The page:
Wine review – Majella, Holm Oak, Frankland Estate, Clonakilla and Illuminati

Majella Cabernet Sauvignon 2012 $33–$36
Majella Vineyard, Eastern Coonawarra, South Australia
The Lynn family’s Majella vineyard produced grapes for some of Coonawarra’s best reds, including Wynns, before the family finally turned to making wine under its own label in the early nineties. Majella quickly built a big reputation, while maintaining modest prices. In the excellent 2012 vintage, for example, Majella cabernet offers wonderful drinking and outstanding long-term cellaring at a fair price. This is elegant, perfectly balanced Coonawarra, built on deep, cassis-like varietal flavours backed by firm but ripe tannins – all the elements required for longevity.

Holm Oak Ilex Pinot Noir 2013 $23
Australian pinot comes in many styles, from the comparatively burly and tannic to more highly fragrant, lighter bodied fruity versions like Holm Oak’s Ilex. It’s not trying to be a complex Burgundy look alike, but more a fragrant, fresh and fruity expression of the grape variety – of a style achievable only in a cool growing region like Tasmania. It captures pinot’s lively raspberry-strawberry and red cherry flavours, but at the same time offers a little texture and a fine backbone, based on tannin and acidity.

Holm Oak Arneis 2013 $25
Holm Oak vineyard, Tamar Valley, Tasmania
The Piedmont white variety, arneis, now grows in several Australian regions. But Holm Oak’s Bec Duffy claims to be the only Tasmanian vigneron currently doing so. She writes, “Being the coolest areas where arneis is grown in Australia, we tend to get more floral, melon and citrus characters as opposed to the peach and almond characters this variety is generally known for”. Duffy’s style is most appealing, offering a tangy, melon-rind-like tartness with mouth-watering lemony flavour, on a soft, richly textured, fresh palate.

Frankland Estate Isolation Ridge Riesling 2013 $28.50–$35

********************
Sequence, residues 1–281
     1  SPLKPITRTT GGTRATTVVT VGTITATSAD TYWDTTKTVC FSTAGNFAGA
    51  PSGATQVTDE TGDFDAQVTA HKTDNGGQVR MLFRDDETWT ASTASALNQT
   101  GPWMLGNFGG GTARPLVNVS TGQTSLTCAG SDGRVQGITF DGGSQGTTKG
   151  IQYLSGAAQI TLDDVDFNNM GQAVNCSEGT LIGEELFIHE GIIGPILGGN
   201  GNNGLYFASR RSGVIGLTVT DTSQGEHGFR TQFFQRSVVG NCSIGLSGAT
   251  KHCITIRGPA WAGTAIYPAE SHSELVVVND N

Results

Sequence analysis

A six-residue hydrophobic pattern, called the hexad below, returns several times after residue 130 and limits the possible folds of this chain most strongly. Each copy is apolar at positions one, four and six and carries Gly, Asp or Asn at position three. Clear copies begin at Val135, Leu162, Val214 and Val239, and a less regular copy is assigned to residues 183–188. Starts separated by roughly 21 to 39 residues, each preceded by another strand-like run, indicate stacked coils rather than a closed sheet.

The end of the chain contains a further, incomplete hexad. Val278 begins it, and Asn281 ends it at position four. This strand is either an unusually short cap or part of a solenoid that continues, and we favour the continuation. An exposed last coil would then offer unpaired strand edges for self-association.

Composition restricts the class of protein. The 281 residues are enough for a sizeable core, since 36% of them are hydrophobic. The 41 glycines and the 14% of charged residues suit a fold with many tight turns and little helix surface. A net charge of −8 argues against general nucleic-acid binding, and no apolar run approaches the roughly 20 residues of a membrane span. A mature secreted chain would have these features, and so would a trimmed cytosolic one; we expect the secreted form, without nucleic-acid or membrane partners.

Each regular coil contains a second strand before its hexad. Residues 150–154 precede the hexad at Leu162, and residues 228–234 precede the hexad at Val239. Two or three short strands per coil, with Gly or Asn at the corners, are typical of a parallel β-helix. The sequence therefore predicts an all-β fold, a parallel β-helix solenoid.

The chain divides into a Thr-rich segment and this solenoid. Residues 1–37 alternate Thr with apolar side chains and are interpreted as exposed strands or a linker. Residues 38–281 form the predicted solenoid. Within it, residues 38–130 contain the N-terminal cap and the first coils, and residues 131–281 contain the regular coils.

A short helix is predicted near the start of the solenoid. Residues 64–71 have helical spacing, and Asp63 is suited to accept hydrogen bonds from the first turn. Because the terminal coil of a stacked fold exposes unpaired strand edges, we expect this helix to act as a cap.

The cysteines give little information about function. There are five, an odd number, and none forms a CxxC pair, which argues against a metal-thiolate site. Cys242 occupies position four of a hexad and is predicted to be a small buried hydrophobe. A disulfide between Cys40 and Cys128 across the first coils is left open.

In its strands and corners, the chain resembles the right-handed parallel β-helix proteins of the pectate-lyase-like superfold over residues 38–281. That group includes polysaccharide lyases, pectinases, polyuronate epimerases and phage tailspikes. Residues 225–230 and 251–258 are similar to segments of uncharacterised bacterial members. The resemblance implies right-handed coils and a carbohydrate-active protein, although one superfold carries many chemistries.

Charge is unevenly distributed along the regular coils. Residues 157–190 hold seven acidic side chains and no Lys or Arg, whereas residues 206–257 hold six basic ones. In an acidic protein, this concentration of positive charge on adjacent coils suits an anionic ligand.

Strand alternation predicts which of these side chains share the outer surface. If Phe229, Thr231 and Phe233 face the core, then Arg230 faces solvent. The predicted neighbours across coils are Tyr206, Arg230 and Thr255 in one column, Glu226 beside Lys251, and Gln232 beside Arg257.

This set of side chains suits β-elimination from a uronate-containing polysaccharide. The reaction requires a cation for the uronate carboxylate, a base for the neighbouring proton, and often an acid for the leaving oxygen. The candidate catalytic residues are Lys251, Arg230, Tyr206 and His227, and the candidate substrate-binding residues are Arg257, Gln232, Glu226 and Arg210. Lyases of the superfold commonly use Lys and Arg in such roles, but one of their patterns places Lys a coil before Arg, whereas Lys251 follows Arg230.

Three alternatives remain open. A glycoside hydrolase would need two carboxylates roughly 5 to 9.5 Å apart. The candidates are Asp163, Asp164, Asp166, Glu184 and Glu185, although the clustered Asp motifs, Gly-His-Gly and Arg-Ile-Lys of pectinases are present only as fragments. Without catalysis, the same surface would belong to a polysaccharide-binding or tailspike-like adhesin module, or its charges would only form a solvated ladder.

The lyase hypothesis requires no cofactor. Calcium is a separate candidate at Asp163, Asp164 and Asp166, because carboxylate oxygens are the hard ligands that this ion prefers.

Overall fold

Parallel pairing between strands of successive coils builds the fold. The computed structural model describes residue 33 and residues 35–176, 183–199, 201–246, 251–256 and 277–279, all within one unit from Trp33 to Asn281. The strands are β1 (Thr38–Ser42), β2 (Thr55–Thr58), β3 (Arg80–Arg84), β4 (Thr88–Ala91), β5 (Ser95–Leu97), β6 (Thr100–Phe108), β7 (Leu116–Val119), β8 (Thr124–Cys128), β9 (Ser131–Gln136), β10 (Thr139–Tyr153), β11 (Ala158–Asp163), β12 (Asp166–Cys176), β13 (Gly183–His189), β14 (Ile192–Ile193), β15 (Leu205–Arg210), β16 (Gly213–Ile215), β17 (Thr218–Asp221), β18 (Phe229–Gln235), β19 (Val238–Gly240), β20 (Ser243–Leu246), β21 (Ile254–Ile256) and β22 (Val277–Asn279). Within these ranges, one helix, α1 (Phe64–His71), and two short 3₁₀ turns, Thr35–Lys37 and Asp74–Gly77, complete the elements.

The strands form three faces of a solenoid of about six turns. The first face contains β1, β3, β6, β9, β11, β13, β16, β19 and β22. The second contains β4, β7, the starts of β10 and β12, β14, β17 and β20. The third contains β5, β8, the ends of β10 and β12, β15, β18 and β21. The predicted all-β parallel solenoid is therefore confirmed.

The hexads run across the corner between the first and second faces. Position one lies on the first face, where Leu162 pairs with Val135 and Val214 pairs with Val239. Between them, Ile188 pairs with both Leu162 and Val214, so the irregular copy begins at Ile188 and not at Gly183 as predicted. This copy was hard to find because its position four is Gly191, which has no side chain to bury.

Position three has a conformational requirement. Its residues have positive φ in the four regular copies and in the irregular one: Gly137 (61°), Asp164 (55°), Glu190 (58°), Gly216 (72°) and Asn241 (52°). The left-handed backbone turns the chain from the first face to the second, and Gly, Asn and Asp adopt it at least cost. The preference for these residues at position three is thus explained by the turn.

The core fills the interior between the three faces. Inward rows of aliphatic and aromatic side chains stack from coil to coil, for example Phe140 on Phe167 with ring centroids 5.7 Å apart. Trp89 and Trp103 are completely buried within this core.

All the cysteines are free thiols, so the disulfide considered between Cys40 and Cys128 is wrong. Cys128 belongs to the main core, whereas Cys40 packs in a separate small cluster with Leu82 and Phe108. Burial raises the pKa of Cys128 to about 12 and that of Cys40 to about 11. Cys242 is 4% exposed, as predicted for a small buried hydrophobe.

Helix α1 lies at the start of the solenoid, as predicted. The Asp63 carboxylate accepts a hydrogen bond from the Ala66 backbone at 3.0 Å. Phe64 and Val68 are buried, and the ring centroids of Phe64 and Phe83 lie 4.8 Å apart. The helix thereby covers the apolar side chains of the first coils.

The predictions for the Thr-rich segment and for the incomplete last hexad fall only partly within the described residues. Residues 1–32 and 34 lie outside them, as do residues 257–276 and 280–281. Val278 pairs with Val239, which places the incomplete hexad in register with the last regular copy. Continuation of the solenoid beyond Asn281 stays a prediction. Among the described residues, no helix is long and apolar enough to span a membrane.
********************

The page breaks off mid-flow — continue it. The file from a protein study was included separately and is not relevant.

Frank Estate Isolation Ridge vineyard, Frankland River, Western Australia
Although it weighs in at a modest 11.6 per cent alcohol, Frankland Estate’s single-vineyard riesling delivers big loads of aroma, flavour and texture. Indeed, the aroma and flavour volume seems particularly generous for the generally delicate riesling variety, suggesting a warm ripening period in 2013. The big aroma, however, remains pure varietal riesling in an appealing lemon-like way. The lemony varietal character flows through to the round, soft palate and slightly grippy, dry finish.

Clonakilla Shiraz 2013$35
Hilltops, NSW
Clonakilla’s cash cow, to be released 2 September, reveals all the ripe and juicy glory of the warm 2013 vintage. From the Hilltops district, centred on Young, it’s reminiscent in its sweetness of ripe, black cherries, the other irresistible regional specialty. The fleshy, chewy fruit comes with an exotic spicy character and the sleek, silky texture of well-ripened tannins. All that fruit, sweetness and soft tannins means easy drinking now. But the wine’s intensity and harmony suggest good cellaring for perhaps a decade in the right conditions.

Illuminati Riparosso Montepulciano d’Abruzzo 2012 $9.49–$12
Abruzzi, Ital
Dino Illuminati’s medium-bodied, savoury red accompanied our recent drive from Darwin, south to Katherine, west to Kununurra, WA, down to the Bungle Bungle Range, up to Kununurra, then west along the Gibb River Road, north to the Mitchell Falls, then south and west on the Gibb road again to Windjana Gorge. A Chateau Shanahan favourite since its Australian debut in 1991, the wine proved itself (lightly chilled) in the great Australian outback. It starts with clean, fresh fruit flavours, then a delicious, teasing, Italian savouriness sets in, distinguishing it from the generally more fruity Australian styles.

Copyright © Chris Shanahan 2014
First published 6 August 2014 in the Canberra Times